Smokeypeat finds a lot of the same issues that I did with this bourbon, minus the nice first few minutes the nose had provided me.  He suggests in his conclusion that someone should compare this to Beam's contemporary eight year old, which is a good point.  From my perspective, Beam Black beats the tar out of this one.  Heck, Beam White may beat this one in a footrace as well.  Tomorrow, I'll report on the Beam that I did compare this 100 Month to.

Availability - Collectors or antique sellers whom haven't dumped the booze
Pricing - ???
Rating - 74 (sort of an average; it started around 80, ended around 68)


  1. I wouldn't worry too much about lead poisoning. The amount you drank will be expelled through normal bodily functions....

    My big issue with these ceramic decanters is that they are bad at staying sealed. I'm sure the bourbon was probably good in 1977.

    1. Re: lead poisoning, yeah that's what I was hoping. :) I think the greater concern is for the folks who are drinking through multiple decanters. As you'll see in my next review, some of these were (or are) indeed pretty good. This one, though, was a 40%abv Beam thus the drinker's mileage may vary.

  2. I probably gave it too much air. I did not know how quickly something like this can break down. I will have to procure another sample from my friend and see if I can find any of those nice notes you noticed in the first few minutes. If a good dusty comes my way one day it would be nice, but I just don't have the time or extreme knowledge of old bourbon to make it happen. Guess I will just have to be happy drinking all of the wonderful bourbon that is readily available today.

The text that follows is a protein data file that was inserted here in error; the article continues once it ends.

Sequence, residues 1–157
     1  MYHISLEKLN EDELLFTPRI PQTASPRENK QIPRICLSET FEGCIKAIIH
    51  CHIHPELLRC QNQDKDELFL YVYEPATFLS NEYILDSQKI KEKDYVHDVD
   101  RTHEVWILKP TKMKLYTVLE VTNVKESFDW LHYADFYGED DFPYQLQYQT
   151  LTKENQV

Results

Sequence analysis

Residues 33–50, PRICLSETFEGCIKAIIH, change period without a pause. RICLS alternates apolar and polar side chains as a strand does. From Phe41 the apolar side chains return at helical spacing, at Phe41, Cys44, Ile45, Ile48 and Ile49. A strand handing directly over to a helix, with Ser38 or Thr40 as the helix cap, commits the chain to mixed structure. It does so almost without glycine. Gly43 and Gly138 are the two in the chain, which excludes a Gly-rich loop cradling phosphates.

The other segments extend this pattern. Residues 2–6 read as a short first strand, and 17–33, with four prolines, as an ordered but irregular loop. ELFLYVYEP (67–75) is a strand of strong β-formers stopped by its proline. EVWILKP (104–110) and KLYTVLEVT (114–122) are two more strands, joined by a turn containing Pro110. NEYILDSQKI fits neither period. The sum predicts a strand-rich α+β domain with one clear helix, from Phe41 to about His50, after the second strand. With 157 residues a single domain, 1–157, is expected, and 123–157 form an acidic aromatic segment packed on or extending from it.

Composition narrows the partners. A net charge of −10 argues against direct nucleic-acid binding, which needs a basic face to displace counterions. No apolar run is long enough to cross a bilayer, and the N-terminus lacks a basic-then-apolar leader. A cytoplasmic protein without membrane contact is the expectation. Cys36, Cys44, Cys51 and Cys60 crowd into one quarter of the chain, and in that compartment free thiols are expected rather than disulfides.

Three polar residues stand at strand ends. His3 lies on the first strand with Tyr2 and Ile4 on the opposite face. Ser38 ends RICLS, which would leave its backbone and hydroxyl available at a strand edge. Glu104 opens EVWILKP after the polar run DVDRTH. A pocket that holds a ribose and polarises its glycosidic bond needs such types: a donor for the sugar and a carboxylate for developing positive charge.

1. I retired from my dusty hunting career altogether this year. When I open one of my ND-era Old Taylors, I'll save you a sample from the top of the bottle. Though those old OTs are my favorites, they don't do well in the bottle even after a few weeks. So I wonder if your friend's Beam has actually fallen apart further. Or maybe the helpful leaded glaze lining will preserve things. :)

  3. My father inlaw has two of these spark plug decanters unopened seal still intact will sell for the right price. Bencajun@yahoo.com

  4. Adam.mergist, I'm interested in this decanter if you still have and are looking to sell. Email me info@daveducille.com

  5. I have one of these decanters..I am looking to sell for the right price also..